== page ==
Simulations of transport in hard particle systems

P. I. Hurtado, P.L. Garrido

Hard particle systems are among the most successful, inspiring and prolific models of physics. They contain the essential ingredients to understand a large class of complex phenomena, from phase transitions to glassy dynamics, jamming, or the physics of liquid crystals and granular materials, to mention just a few. As we discuss in this paper, their study also provides crucial insights on the problem of transport out of equilibrium. A main tool in this endeavour are computer simulations of hard particles. Here we review some of our work in this direction, focusing on the hard disks fluid as a model system. In this quest we will address, using extensive numerical simulations, some of the key open problems in the physics of transport, ranging from local equilibrium and Fourier’s law to the transition to convective flow in the presence of gravity, the efficiency of boundary dissipation, or the universality of anomalous transport in low dimensions. In particular, we probe numerically the macroscopic local equilibrium hypothesis, which allows to measure the fluid’s equation of state in nonequilibrium simulations, uncovering along the way subtle nonlocal corrections to local equilibrium and a remarkable bulk-boundary decoupling phenomenon in fluids out of equilibrium. We further show that the the hydrodynamic profiles that a system develops when driven out of equilibrium by an arbitrary temperature gradient obey universal scaling laws, a result that allows the determination of transport coefficients with unprecedented precision and proves that Fourier’s law remains valid in highly nonlinear regimes. Switching on a gravity field against the temperature gradient, we investigate numerically the transition to convective flow. We uncover a surprising two-step transition scenario with two different critical thresholds for the hot bath temperature, a first one where convection kicks but gravity hinders heat transport, and a second critical temperature where a percolation transition of streamlines connecting the hot and cold baths triggers efficient convective heat transport. We also address numerically the efficiency of boundary heat baths to dissipate the energy provided by a bulk driving mechanism. As a bonus track, we depart from the hard disks model to study anomalous transport in a related hard-particle system, the $1d$ diatomic hard-point gas. We show unambiguously that the universality conjectured for anomalous transport in $1d$ breaks down for this model, calling into question recent theoretical predictions and offering a new perspective on anomalous transport in low dimensions. Our results show how carefully-crafted numerical simulations of simple hard particle systems can lead to unexpected discoveries in the physics of transport, paving the way to further advances in nonequilibrium physics.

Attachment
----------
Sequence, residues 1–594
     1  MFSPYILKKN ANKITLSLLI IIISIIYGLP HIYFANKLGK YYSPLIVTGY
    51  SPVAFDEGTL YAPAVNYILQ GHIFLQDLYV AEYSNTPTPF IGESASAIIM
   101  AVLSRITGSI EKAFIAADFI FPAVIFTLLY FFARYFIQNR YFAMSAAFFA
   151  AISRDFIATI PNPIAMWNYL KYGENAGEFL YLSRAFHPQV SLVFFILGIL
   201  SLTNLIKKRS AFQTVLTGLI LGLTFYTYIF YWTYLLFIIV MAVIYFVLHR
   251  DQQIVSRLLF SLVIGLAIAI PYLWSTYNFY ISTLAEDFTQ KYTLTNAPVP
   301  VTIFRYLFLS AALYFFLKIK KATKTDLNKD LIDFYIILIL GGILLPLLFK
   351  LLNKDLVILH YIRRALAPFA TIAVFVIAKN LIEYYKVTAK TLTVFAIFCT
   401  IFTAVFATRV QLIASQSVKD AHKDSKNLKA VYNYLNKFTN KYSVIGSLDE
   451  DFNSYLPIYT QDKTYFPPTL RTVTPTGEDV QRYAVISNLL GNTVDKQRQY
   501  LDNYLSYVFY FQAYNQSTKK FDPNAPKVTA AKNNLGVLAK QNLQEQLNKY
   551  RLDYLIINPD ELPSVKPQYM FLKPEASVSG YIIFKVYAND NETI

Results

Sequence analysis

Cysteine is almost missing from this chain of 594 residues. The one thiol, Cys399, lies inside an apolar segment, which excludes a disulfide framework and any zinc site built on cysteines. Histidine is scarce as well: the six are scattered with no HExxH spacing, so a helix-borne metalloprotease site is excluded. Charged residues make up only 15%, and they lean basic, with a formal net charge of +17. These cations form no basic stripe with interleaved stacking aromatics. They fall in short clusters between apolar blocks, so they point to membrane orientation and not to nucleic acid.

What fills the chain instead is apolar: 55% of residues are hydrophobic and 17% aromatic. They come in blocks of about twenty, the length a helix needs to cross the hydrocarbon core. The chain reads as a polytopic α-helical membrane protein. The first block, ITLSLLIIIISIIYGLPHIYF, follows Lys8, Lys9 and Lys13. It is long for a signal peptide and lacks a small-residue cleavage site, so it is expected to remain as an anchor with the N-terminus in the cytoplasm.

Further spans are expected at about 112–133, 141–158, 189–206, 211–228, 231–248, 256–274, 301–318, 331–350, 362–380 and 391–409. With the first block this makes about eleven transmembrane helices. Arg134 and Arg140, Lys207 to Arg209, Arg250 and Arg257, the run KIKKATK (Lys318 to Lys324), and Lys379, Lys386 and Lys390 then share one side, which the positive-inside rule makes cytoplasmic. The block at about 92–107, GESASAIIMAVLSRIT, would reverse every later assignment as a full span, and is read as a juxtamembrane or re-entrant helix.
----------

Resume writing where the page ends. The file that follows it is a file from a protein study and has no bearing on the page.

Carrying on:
J. Stat. Phys. 180, 474 (2020)